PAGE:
Wednesday, May 5, 2010

12:35 a.m.

My neighbors who live in the house that faces College Avenue are having a party to, I think, celebrate the end of the school year, or maybe graduation. A fuse blew in my bedroom and now none of the lights work. The landlord didn't know how to fix it, but he called an electrician to come this week. And so I sit by the slotted, blinded light of my window and listen to the conversation and smell the cigarette smoke that trickles into my room from the silhouetted partygoers who hunch around the picnic table that is about 15 feet away from where I now sit cross-legged. Music I cannot identify pulsates from my other window and vibrates along the wood floors. I should try to sleep, but I do not have earplugs, and as much as I mostly disliked college parties, peripherally experiencing this one makes me nostalgic and flutter-hearted. Not really for any one or any thing in particular, but mostly for a certain feeling I have only realized in retrospect that I did not appreciate enough. The constantly busy, always-moving, stressed-out, blindly enthusiastic feeling that anything is possible. The knowing that your talent and knowledge and creativity is pure, without motivation, and true to the only one who matters: you. It's a feeling that only really knocks the wind out of you with its power and thrill when you're on the verge of losing it.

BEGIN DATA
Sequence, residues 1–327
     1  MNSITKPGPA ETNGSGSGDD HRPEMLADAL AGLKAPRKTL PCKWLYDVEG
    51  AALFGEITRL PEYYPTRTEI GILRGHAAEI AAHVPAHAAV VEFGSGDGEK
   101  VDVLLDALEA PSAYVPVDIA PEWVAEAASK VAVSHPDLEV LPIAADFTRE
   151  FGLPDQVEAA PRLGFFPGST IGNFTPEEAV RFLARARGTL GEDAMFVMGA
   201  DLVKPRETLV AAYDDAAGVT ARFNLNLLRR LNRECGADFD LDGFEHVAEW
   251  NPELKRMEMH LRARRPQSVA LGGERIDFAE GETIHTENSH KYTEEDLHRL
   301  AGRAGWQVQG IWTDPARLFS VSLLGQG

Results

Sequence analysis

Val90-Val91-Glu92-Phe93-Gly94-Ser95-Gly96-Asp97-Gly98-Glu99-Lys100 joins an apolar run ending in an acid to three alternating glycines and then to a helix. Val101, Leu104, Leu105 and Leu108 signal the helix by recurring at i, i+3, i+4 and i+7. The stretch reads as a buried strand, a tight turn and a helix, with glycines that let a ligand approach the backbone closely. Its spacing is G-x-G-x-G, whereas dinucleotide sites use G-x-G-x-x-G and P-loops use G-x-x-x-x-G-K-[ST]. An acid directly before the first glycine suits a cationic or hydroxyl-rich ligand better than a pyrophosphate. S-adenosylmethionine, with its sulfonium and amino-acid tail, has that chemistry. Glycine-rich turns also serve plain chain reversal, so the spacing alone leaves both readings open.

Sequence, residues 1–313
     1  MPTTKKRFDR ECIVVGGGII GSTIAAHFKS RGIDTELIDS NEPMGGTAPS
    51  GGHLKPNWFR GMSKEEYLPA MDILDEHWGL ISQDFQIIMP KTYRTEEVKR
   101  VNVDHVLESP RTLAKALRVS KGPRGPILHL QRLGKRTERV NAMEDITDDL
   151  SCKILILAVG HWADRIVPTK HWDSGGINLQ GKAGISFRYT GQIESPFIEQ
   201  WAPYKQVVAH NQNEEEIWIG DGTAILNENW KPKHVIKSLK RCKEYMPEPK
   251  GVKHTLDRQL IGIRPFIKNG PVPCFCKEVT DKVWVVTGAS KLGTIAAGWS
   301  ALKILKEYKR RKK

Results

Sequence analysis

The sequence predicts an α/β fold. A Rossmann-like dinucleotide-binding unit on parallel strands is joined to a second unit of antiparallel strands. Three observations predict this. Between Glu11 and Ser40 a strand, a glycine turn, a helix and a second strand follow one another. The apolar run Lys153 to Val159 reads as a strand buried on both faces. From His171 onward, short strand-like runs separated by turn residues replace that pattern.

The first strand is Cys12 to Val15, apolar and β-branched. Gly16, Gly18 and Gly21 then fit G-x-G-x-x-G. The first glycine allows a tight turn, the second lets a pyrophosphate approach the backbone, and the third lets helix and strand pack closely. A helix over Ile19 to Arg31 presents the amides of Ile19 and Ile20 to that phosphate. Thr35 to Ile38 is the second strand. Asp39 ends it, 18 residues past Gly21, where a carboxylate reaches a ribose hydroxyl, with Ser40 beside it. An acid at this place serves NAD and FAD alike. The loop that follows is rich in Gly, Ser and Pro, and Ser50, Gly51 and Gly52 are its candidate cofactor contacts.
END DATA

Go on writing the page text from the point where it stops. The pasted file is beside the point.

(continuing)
It is after midnight, and today last year I was also sitting on picnic table like the one outside my window. The emotion is different now. It's impossible to recultivate. Perhaps the aforementioned feeling is reserved for undergrads. At present, I am still stressed-out, but I am also forward-looking and searching in dusty corners for the inspiration I temporarily lost. It's here, I know it, and now it doesn't require a semester schedule. It's a readiness I didn't have today last year. Or even six months ago. But now I long for the wind to knock out my baited breath because I'm tired of waiting to start.

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